Authentic Learning in a Health and Wellness Class 92 the media, stereotype/stigma, importance of being alone, and appreciation of small things. There are many different aspects of mental health on which the participant focused. The participant who read this chapter recognized the ill effects of striving to fit into a desired social group. The participant discussed how Thoreau discovered what to appreciate on his own, rather than being influenced by the media or other people surrounding him. In addition, he appreciated small things, which the participant admired. The following quote from the student's paper illustrates these points: Thoreaus ideas could be applied if I tried to do what he did, appreciate everything around, not just what I have been told to appreciate on TV. Thoreau was able to take joy in everything that happened to him. He was happy when it was nice out and he could work his fields, and he was happy when it rained because it would water his plants. If I, and other people, (because Im sure the problem is not exclusive to me) could be more comfortable with myself, I would not need to seek the approval of others. This quote shows that this student reflected on the adverse effect of social pressures from television and peers, realizing that by applying Thoreaus approach she could be more comfortable with herself. Attaining such self-comfort can be an important contributor to ones mental health. The Bean Field The major theme from this chapter was spirituality. The following three sub-themes were identified by the participant: (1) nature is a higher power; (2) life is a delicate existence; and (3) political action is needed to protect nature. Spirituality is a broad topic that the participant analyzed from different perspectives, focusing on the role of nature in spirituality. Thoreau, who recognized the splendor in growing beans in the summer, inspired the respondent to search for deeper meaning. After defining spirituality based on personal perspective, the participant suggested that people could benefit from seeking deeper meaning of life through nature, which is why we need to protect our environment. It may be too late to live like Thoreau intended, but these principles can be applied to modern life. I can be thankful for what I have been provided; I can respect other cultures and beliefs; I can find peace in myself knowing that nature provides for her creatures. To me this is spirituality, not in the sense of religion, but in the sense of a higher power than within human control. At some point in my life I would like to live in conditions similar to Walden. It seems peaceful, simple, and honest ... three characteristics that in todays society are widely over looked. This students reflections on spiritual dimensions of health indicate how she believed Thoreaus ways could be applied to modern life. Reflecting on ones values seems truly important for leading a healthful life since health may be conceptualized at least in part as defining how one wants to live ones life and then pursuing life in those ways. Solitude The primary themes in the reactions to this chapter were (1) improving mental health; (2) spirituality; and (3) applicability to todays world. Improving Mental Health through Solitude. The sub-theme for improving mental health pertaining to this chapter was spending ample time with one's thoughts. Several participants commented on the benefits of spending time alone. These benefits ranged from increasing confidence to coping with loss. Some of these points are illustrated below with quotations from different students' papers. Journal of Authentic Learning, Volume 2, Number 1, September 2005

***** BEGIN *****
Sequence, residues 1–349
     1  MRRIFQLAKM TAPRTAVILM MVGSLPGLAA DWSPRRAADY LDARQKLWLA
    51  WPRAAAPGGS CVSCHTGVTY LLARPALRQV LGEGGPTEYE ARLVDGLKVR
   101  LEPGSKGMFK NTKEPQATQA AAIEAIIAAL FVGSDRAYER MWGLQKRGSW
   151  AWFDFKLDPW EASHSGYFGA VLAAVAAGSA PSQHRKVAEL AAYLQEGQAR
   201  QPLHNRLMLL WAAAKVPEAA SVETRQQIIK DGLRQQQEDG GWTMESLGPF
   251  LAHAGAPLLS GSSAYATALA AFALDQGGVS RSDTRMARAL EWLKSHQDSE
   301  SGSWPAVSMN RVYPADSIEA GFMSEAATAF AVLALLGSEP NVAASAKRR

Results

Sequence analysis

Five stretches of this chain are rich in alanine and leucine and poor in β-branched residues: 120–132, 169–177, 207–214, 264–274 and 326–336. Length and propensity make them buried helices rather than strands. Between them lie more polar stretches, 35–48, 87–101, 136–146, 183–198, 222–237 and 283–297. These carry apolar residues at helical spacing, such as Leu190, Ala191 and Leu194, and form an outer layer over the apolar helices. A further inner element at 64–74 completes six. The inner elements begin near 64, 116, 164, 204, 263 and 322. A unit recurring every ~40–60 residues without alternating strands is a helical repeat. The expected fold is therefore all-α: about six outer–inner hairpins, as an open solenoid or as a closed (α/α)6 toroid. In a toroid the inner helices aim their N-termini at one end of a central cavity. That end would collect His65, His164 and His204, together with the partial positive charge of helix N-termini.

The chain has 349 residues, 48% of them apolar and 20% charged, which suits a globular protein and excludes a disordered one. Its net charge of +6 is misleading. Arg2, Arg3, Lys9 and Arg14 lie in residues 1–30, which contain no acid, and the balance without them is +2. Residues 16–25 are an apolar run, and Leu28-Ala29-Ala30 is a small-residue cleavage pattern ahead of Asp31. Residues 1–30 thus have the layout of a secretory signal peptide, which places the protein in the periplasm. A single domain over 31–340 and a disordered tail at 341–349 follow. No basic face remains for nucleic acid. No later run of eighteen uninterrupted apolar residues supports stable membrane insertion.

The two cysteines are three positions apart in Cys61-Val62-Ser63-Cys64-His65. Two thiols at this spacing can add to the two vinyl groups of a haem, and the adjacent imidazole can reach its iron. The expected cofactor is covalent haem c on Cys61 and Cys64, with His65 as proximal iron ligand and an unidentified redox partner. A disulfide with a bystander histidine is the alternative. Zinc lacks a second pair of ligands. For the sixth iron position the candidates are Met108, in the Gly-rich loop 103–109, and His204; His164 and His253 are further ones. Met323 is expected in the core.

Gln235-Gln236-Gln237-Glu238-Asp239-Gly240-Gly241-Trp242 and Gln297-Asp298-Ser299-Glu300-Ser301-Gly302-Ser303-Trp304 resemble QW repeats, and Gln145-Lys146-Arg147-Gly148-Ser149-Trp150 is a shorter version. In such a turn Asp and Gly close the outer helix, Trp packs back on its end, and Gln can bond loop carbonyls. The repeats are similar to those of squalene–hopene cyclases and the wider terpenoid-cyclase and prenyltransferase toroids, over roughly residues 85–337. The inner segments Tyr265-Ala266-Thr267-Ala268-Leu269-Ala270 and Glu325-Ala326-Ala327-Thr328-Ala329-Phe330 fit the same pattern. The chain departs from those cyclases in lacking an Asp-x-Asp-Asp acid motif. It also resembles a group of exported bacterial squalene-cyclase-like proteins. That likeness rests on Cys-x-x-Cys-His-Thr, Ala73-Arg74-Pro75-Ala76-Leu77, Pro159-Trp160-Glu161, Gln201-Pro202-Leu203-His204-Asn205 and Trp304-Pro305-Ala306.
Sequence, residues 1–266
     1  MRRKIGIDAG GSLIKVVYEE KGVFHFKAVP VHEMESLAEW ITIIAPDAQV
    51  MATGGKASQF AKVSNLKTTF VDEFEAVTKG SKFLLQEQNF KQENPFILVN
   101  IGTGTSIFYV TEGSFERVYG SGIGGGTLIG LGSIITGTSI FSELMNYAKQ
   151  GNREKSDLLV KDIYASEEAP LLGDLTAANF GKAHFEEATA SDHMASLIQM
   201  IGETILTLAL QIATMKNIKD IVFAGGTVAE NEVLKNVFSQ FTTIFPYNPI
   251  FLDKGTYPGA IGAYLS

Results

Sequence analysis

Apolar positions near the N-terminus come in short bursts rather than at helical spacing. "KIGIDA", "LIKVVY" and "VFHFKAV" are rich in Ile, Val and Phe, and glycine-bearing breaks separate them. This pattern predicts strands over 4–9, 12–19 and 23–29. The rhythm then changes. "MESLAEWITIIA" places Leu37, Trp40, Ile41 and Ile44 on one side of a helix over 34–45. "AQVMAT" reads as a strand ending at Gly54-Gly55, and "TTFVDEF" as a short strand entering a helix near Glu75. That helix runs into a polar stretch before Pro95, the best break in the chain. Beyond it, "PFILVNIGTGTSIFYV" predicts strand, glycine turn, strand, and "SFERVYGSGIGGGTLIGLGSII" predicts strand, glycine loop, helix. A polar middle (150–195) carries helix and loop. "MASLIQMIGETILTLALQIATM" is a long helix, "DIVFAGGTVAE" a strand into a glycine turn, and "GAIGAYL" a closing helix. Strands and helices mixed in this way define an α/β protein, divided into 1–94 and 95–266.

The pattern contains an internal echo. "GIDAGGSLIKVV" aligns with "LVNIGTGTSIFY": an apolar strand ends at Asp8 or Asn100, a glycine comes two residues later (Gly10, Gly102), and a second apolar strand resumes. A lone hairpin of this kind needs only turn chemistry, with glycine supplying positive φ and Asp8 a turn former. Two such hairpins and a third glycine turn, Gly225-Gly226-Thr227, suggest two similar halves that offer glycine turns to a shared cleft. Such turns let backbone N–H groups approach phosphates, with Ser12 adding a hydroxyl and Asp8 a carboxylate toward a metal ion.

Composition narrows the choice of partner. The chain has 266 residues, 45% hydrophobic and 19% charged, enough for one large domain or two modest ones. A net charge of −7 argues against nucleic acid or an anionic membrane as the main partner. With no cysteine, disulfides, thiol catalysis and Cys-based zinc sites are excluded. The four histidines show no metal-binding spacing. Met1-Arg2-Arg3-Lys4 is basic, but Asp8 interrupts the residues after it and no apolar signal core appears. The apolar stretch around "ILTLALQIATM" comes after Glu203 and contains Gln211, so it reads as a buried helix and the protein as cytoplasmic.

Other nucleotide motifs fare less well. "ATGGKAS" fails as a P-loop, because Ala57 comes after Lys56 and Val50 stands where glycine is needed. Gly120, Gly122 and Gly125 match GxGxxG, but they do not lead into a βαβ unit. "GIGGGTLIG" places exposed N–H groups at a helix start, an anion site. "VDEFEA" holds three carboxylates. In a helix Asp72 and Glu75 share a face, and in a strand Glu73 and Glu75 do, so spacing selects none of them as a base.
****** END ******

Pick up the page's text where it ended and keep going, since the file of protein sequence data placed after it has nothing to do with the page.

Authentic Learning in a Health and Wellness Class 93 People who are comfortable with their own thoughts regarding their whole existence must be content with every aspect of their overall well-being. This would include being comfortable with their physical appearance, spirituality and psychological well-being. People at ease with their thoughts are perhaps the healthiest people, as it affects so many aspects of their daily lives. Thoreaus ability to be happy alone is evident in every phrase that he writes. I believe that Thoreaus ideas can be implemented to solve the problem of loneliness. To tell you the truth, I believe that this ability comes from being confident with yourself. Thoreaus ideas can be used to improve spirituality in a person through his experiences and thoughts he talks about in the chapter titled Solitude. Just by reading this chapter, I have come to realize how precious alone time is. In the past, I found it hard to be alone and happy, yet in the past few years, happiness in solitude has come with maturity and experience. My experiences in life have been dramatic from losing my brother to cancer at 29, to losing the love of my life, but I have found that if you make yourself happy and are comfortable living your life within your own mind, then the people that come and go in and out of your life will just add to the happiness that you accomplish alone. Happiness does truly come from within! Thoreau also highlights the advantages of possessing the ability to be alone. It is this factor that so many people struggle with today. In this society many are constantly surrounded by family, friends, coworkers, and people in general. There are few places we can immediately escape to and be alone and find true sanctuary in quietness and solitude. As we become more and more accustomed to being surrounded by others, some develop a reliance and level of comfort with having people around. If one cannot be happy in his/her own company, this can present serious mental health problems. It seems clear that these students reflections about solitude are related to the importance of self-reflection, not only in establishing ones identity, but also in finding peace within. Spirituality. Students identified the importance of possessing joy from within. Many respondents discussed how being stronger spiritually could increase overall inner joy and happiness. Thoreaus writings prompted a few students to reflect on their own connection with nature and their room for personal growth. Joy should come from within, and if a person can accomplish this they may be forever happy. (students reaction) Living out the true meaning of life means to not rely on money, friends, or even family to find happiness. It means to find complete happiness in ones self spiritually Throughout my short life I have come to the realization that no one else is going to bring me complete happiness, part of that must come from within. These students reflections relate to the importance of searching within rather than in the material world for finding satisfaction and fulfillment in life. Such outcomes are surely intimately related to health. Applicability to todays world. Students addressed loss of respect, listening to others, and stress-reduction in applying this reading selection to their lives. They remarked on today's fast-paced lifestyle and the lack of attention for human emotion. We go through day to day trying not to bring an up rise of emotion from those who we see on a daily basis; consequently, we really do not care what those people have to say, but what responses we can give to keep them content. Journal of Authentic Learning, Volume 2, Number 1, September 2005